For this activity I was able to look through some of our school’s conduct code. Our school’s stance on social media is very simple…it’s not allowed. We use Schoology as our learning management tool. This gives a social media feel without offering the temptations for distraction. That being said I wrote policies for a school that uses more than simply the LMS they have selected. Steven Anderson wrote in his article “it is important to understand the prevailing beliefs about social media in your community”. Looking at our school the system is good for connecting with parents, however we are seeing more social media use inside individual classrooms. Classroom Instagram accounts are documenting notes or procedures, some classes are using twitter to chat with other classes across the world about topics they are studying. Teachers are challenging students to retell stories they are studying using a single tweet or a Vine, causing students to really focus on the important pieces.
This is the first draft of my social media policy. These will go before my MS tech coach team as well as to our principal for final approval. I have included a slideshow to enhance the presentation of the policies when presenting to students. This way students can have more than just the list to remember what is appropriate or not.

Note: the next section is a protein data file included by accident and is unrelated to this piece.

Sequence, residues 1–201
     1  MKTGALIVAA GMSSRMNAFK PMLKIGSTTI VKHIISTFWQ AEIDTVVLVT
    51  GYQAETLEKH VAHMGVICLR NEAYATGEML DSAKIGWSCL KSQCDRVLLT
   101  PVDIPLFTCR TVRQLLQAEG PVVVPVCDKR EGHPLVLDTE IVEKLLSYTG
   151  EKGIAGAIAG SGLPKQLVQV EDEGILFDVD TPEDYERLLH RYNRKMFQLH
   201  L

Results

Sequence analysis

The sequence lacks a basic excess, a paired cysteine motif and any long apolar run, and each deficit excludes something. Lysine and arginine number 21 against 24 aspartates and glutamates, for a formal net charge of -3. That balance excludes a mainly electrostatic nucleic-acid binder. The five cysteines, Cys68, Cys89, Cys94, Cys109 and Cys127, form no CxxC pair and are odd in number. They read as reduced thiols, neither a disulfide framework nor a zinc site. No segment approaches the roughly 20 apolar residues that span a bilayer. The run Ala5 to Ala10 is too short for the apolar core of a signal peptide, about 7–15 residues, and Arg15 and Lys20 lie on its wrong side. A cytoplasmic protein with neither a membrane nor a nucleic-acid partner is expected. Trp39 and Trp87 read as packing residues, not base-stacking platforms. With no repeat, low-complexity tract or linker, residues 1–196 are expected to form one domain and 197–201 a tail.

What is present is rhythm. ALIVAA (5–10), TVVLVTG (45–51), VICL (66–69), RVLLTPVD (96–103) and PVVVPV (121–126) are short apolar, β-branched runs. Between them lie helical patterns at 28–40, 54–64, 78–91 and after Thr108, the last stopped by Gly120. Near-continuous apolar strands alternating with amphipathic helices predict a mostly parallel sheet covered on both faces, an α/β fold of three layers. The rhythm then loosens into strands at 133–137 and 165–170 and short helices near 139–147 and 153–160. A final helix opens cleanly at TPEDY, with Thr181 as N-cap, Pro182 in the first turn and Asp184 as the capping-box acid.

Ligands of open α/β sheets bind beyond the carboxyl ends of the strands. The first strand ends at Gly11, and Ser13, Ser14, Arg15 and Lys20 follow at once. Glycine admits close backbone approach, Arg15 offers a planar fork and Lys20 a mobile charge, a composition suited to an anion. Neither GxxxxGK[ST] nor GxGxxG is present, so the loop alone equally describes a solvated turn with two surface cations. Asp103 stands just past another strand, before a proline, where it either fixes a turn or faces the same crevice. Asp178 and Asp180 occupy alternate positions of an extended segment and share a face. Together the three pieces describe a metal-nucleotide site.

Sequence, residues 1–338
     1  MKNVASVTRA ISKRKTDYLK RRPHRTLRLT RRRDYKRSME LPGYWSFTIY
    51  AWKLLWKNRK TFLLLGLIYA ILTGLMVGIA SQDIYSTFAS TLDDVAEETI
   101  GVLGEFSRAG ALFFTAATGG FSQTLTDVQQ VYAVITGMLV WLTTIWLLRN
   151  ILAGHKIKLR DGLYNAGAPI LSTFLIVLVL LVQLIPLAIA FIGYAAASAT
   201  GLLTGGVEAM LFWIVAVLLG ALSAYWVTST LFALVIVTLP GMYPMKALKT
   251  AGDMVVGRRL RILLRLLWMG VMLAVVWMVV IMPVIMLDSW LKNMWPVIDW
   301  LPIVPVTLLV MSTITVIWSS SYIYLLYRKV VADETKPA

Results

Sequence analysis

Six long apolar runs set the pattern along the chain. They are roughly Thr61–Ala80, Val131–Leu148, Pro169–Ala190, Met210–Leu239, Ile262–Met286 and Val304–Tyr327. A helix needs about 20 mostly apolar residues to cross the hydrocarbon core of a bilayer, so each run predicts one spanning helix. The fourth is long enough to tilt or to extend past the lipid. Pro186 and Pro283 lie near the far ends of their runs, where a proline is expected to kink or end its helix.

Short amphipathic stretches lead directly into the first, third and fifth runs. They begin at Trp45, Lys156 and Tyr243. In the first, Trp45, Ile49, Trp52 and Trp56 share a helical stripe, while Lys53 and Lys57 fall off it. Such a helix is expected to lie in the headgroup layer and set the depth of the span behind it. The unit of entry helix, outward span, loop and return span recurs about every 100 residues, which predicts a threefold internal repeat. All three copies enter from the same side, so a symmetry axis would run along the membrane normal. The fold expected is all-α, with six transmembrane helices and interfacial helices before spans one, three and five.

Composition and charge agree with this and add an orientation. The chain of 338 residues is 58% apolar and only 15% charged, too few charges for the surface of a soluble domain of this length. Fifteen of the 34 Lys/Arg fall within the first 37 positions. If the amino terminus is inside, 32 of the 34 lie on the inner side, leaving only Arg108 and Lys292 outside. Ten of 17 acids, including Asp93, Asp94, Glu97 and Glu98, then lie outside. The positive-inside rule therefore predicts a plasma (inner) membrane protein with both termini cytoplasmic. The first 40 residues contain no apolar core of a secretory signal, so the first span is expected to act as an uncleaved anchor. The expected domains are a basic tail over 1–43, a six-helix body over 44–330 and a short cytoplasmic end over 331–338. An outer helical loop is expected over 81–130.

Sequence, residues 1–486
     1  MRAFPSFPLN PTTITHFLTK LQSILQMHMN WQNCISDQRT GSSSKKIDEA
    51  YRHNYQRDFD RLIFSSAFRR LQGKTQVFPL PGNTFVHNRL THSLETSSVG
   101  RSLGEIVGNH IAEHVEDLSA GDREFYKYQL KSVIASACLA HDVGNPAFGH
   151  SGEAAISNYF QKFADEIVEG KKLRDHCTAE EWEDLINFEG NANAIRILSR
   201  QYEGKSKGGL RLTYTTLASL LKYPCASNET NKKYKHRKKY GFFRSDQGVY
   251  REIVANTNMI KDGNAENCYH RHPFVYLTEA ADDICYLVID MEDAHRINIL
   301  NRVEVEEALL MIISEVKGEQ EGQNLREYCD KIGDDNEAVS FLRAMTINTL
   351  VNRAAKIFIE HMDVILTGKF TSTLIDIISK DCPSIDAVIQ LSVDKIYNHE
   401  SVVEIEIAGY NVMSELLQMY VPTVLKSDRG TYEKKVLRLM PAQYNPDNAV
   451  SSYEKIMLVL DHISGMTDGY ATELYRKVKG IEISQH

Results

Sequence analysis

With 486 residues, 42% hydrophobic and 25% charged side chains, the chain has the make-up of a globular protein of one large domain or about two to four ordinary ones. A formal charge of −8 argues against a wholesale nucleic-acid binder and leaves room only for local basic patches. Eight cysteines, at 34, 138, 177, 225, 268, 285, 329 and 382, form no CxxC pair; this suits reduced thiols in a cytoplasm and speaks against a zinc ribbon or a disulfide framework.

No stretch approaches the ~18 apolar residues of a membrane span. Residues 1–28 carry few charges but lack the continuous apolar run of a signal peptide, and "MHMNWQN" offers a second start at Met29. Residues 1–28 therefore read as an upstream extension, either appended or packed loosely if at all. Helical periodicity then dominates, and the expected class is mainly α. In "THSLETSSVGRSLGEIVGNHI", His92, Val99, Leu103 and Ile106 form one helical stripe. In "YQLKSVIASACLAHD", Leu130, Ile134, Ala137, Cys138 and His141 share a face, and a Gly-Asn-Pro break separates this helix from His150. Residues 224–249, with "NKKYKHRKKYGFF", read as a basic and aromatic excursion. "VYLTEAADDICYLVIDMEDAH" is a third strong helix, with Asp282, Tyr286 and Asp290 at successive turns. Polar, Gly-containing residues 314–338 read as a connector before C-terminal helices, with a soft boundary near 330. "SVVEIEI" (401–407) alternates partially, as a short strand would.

- Acceptable Use Policy Must be Signed before students can have access to school network.
- Students must use the school’s wifi when in the building.
- Students must use only School sponsored sites (Schoology, G+ Communities, Class Instagram and Twitter accounts)
- Cheating is not allowed
- Assume everything is public: Think before you post!
- Negative or inappropriate comments will be removed and have consequences
- Teachers have the ability to integrate other social medias within a controlled setting (classroom accounts for instagram, twitter, blogs, etc.)
- Social Media will be used under supervision of teachers or Library staff. Students may not be on un-approved social media (facebook, twitter, instagram etc.) between classes or in the hallway.
- Students comply with copyright laws, citing guidelines and school policy on plagiarism
- Actions online can be punished as stated in the student conduct code.
Anderson, S. (2012, May 7). How to Create Social Media Guidelines for Your School. Retrieved November 3, 2015, from http://www.edutopia.org/how-to-create-social-media-guidelines-school